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October 27, 2017 9:59 pm

Conservation Officers Called in to Handle Snakes

Thursday, July 14, 2016 @ 1:46 PM

Prince George, B.C.-  Conservation Officers in B.C.  have  had a busy  July,  dealing with everything from  Vipers to  Mussels.

BC Conservation Officer Service Deputy Chief Chris Doyle says  COs were called to  deal with three venomous mountain pit vipers from China.  The snakes were discovered last week in a package at a Canada Post Distribution Centre in Richmond . “This package originated  from China and were enroute to Manitoba” says  Doyle  “These snakes can be very dangerous  because no  anti-venom exists in Canada for this species of snake.  Two of the snakes were found dead in a container,   the third snake had escaped from the container crate and was found loose in the outer box.”

The surviving snake  is being kept alive,  but  will not  remain in B.C. unless there is a specific place  that  is prepared to  take and care for the snake.

Conservation Officers  have  also been busy as the  boat inspection stations  checking for zebra mussels.  “So far this year,  we have inspected 9500 boats, and  344 of them had come from high risk areas” says Doyle.  He says  nine of the crafts, all from Ontario,  were  found to  be carrying  adult zebra mussels.   Doyle says a further 55  vessels were quarantined for decontamination.   A further 29 tickets, and 22 warnings were issued to drivers of vehicles which failed to stop at an inspection station.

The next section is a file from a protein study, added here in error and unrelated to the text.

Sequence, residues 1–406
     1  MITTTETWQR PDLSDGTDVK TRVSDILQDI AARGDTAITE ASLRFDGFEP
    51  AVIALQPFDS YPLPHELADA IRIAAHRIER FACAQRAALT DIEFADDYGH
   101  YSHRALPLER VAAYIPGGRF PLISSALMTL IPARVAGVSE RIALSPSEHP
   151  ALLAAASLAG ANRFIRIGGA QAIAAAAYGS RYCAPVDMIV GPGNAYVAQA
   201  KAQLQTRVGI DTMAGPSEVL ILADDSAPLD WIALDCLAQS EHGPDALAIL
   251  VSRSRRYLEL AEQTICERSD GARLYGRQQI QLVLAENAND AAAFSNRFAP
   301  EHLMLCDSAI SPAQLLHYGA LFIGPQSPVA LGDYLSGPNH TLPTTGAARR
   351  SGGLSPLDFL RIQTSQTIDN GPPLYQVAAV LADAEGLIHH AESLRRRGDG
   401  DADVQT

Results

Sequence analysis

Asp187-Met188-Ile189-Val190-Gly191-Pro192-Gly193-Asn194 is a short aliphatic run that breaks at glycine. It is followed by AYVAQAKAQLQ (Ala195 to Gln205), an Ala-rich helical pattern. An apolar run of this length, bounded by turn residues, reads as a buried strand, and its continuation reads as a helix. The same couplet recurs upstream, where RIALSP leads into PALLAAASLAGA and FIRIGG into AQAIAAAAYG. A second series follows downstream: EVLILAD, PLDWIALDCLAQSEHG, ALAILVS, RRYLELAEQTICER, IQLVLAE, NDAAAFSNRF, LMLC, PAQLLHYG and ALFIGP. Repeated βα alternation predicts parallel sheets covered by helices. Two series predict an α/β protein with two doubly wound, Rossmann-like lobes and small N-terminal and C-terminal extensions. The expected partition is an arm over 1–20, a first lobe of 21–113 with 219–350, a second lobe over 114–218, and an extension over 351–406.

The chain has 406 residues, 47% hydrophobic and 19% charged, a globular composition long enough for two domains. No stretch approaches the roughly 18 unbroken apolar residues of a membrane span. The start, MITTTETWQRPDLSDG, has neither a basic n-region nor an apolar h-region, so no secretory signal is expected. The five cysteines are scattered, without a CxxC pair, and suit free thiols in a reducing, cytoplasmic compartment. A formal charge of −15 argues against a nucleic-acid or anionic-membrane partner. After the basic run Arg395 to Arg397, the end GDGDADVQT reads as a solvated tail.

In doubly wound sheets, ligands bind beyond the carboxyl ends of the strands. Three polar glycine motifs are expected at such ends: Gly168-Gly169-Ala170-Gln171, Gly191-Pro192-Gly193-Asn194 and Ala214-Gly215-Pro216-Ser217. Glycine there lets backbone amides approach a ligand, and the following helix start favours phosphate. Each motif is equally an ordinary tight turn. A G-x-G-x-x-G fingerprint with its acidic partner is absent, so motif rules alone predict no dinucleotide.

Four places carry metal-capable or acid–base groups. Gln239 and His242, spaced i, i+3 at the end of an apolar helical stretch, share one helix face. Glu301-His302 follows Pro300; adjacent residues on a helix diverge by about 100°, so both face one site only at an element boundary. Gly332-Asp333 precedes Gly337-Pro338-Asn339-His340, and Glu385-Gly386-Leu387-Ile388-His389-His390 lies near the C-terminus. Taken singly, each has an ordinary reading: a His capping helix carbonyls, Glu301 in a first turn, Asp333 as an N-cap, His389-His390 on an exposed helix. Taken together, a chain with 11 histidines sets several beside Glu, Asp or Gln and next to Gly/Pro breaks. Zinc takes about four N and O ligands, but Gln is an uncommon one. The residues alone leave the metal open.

Oh, but that’s not all,  Conservation Officers have been  busy in the Omineca region,  visiting  23 recreation sites, several lakes and a Provincial Park on the  July 1st long weekend.  Over that weekend  they laid 17  charges  under the Fisheries Act, and   the Canada Shipping Act  for violations.  BC Conservation Officer Service Deputy Chief, Chris Doyle says  liquor and a firearm were seized by C.O’s .

Doyle says  so far this year,  the  reports of  human-wildlife  conflict are  down about 10%   in B.C. compared to last year.  He says it’s too early to say for sure why those numbers are down, “But it seems  generally  speaking it’s not as hot and dry across  the province.  We’re seeing  more moisture than we have seen in the last coupe of years  results in more  vegetation being available  and will also ensure  berries ripen at a normal rate, they may not get burned off  or ripen too early.  So we if we get these  similar weather patterns where we see some sun and some rain, we should see   lower numbers of conflict in many areas,   and it may depend in some areas on how good fish returns are .”



I think it’s way past time for our Minister Mary Polak to take the bull by the horns and double or triple the staff and budget in the COS. It’s ridiculous that these folks are miles in the bush working alone talking to people with guns, and booze in a lot of cases. What will it take for the Environment Ministry to realize these employees are very valuable along with our resources and start funding this branch in a common sense way?

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